Wednesday, November 07, 2012

The Mop Up


It looks as if Republicans, once again, did not bring home the bacon in Connecticut. Campaign analysts are asking why.

This is an easy one. Republicans are outnumbered in the state roughly by a ratio of two to one, a very steep hill to climb. And, considering the historic nature of journalism in Connecticut, they cannot expect a leg up from the state’s left of center media. The Hartford Courant’s election eve endorsement editorial for instance looked as if it had been dictated to the paper’s publisher and editorial board by David Axelrod, and the paper’s endorsement of Democrat Elizabeth Esty over moderate Republican Andrew Roraback was particularly self-serving.

The paper endorsed all Democrats, at least two of whom are congresspersons for life, U. S. Representatives Rosa DeLauro and John Larson.  If it is the mission of journalism to comfort the afflicted and afflict the comfortable, that editorial is a frank admission that the mission has been abandoned. Mr. Larson and Mrs. DeLauro are very comfortable indeed; not so their opponents, who are discomforted by massive spending gaps. 

Linda McMahon spent a hundred million dollars in two attempts to win a vacant U.S. Senatorial position and lost both times. Is there a message there?

There is: Money alone can’t buy you a Senate seat. Mrs. McMahon spent $41,474,257 on her campaign, while her Democratic opponent Chris Murphy spent $9,345,243, a ratio of 4.5 to 1. Most journalists, and not a few voters on the receiving end of her mailers, were horrified by the imbalance; however, it was impossible to help but notice that the McMahon-Murphy spending gap was much smaller than that in two other races.

John Larson spent $1,961,468 defending himself from his Republican challenger, John Decker, who spent $47,005, a 41 to 1 gap. And Rosa DeLauro spent $1,039,238 defending herself against Republican Wayne Winsley, who spent $51,668, a gap of 20 to 1. Mr. Larson is operating within a gerrymandered district that makes ANY campaign fundraising redundant, and Mrs. DeLauro’s district fairly assures her a lifetime sinecure. Yet these imbalances, obvious for many years in their campaigns, hardly raised an eyebrow among the state’s left of center media.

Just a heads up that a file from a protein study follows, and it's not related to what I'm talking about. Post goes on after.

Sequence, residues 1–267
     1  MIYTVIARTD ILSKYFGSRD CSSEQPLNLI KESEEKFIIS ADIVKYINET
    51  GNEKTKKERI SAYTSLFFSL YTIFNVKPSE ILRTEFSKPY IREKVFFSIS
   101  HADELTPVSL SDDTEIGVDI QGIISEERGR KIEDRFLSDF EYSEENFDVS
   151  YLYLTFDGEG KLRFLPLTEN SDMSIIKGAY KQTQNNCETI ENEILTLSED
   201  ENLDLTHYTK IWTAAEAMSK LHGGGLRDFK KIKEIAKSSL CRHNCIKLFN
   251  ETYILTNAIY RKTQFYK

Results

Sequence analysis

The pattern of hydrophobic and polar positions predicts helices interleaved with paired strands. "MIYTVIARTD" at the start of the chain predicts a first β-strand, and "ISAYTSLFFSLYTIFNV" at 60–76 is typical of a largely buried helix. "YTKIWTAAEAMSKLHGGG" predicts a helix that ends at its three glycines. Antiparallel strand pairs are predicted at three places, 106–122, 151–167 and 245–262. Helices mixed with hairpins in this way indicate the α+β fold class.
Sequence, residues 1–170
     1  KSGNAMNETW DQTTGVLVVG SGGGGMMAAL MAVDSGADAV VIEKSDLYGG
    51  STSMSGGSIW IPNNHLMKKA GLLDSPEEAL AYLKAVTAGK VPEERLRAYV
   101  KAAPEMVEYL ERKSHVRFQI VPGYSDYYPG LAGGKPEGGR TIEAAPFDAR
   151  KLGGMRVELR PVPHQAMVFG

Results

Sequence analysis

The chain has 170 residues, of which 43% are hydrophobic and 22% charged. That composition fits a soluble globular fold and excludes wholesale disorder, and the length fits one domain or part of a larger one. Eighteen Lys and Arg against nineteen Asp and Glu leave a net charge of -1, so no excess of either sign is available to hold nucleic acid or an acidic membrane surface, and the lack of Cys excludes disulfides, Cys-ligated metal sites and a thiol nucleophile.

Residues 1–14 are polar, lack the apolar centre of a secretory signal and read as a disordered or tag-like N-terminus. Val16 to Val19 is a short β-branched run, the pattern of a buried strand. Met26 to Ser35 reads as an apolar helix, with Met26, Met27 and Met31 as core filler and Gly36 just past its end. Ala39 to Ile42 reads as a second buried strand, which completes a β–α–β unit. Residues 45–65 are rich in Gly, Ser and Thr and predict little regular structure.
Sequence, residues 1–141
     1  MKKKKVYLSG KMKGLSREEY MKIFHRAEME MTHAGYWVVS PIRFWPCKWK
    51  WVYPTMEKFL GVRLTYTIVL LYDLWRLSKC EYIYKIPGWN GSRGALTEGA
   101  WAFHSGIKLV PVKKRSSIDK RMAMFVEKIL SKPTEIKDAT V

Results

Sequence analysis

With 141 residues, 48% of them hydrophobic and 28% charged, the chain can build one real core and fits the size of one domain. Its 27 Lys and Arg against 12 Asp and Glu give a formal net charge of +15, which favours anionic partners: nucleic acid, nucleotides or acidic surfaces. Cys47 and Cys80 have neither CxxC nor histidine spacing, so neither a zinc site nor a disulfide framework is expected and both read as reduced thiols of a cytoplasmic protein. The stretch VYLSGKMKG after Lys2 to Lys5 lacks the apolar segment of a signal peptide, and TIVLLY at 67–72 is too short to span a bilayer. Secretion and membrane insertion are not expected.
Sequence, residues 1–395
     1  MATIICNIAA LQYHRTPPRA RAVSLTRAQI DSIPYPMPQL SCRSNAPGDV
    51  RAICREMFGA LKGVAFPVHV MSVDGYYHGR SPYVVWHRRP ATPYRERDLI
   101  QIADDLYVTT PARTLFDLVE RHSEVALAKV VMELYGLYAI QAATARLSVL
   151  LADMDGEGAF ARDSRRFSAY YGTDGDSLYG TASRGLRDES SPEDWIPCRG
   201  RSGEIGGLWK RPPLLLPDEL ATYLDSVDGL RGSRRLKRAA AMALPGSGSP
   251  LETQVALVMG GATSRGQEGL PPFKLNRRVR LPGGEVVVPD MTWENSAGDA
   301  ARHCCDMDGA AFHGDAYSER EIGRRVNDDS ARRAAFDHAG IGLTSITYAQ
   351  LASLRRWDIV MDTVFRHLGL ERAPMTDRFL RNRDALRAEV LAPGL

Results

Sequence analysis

There were no great numerical losses for Republicans in the General Assembly; the numbers remain similar, though some seats changed.



Republican conservatives lost at least one valiant soldier in state Senator Len Suzio, who was targeted by the Malloy administration for having discomforted Mike Lawlor, Governor Dannel Malloy’s Under Secretary for Criminal Justice and the architect of a problem plagued early release program. The thin-skinned Malloy administration is nettled by its gadflies and punishes them ruthlessly whenever possible. Suzio, a man of honor, lost by a heart stopping 221 votes out of nearly 40,000 cast in his overwhelmingly Democratic District after his opponent had imported many of his views into her campaign. The Malloy administration targeted other nettlesome conservative legislators but, for the most part, the few conservatives in the General Assembly acquitted themselves well.


What part was played in Connecticut elections by the Tea Party?

Tea Party members withdrew their participation, discreetly for the most part.

Is the Tea Party, some wonder, still a force to be reckoned with?

Though the Tea Party is not a party but rather a movement, some leaders within the movement recall General Ulysses Grant’s response after a humiliating counter attack by Confederate forces at Fort Donelson, “Dig in, we will get’em tomorrow.”

Tea Party members were not sought as campaign recruits by either McMahon or Roraback, who lost his race to Esty by a relatively slim margin. The Democrats, of course, used the Tea Party as a foil in their races, a stratagem devised by President Barack Obama’s Chicago shakers and movers, although it was clear that most Tea Party members in Connecticut were not animated by the Republican offerings this year. Mr. Murphy, the Planned Parenthood candidate, deployed the Chicago rhetoric to some effect against Mrs. McMahon. But generally, Tea Party folk were disengaged. There was not enough libertarian-conservative pollen among Republican candidates this year to attract the bees.

Looking to the future, what’s the most important take away for Republican candidates?
 
Both Mr. Roraback and Mrs. McMahon, who positioned themselves in their races as demi-Democrats, have demonstrated that Weickerism doesn’t work anymore.  Mothball it; try something different. The Republican Party needs more Grants and fewer McClellans.

6 comments:

Don Pesci said...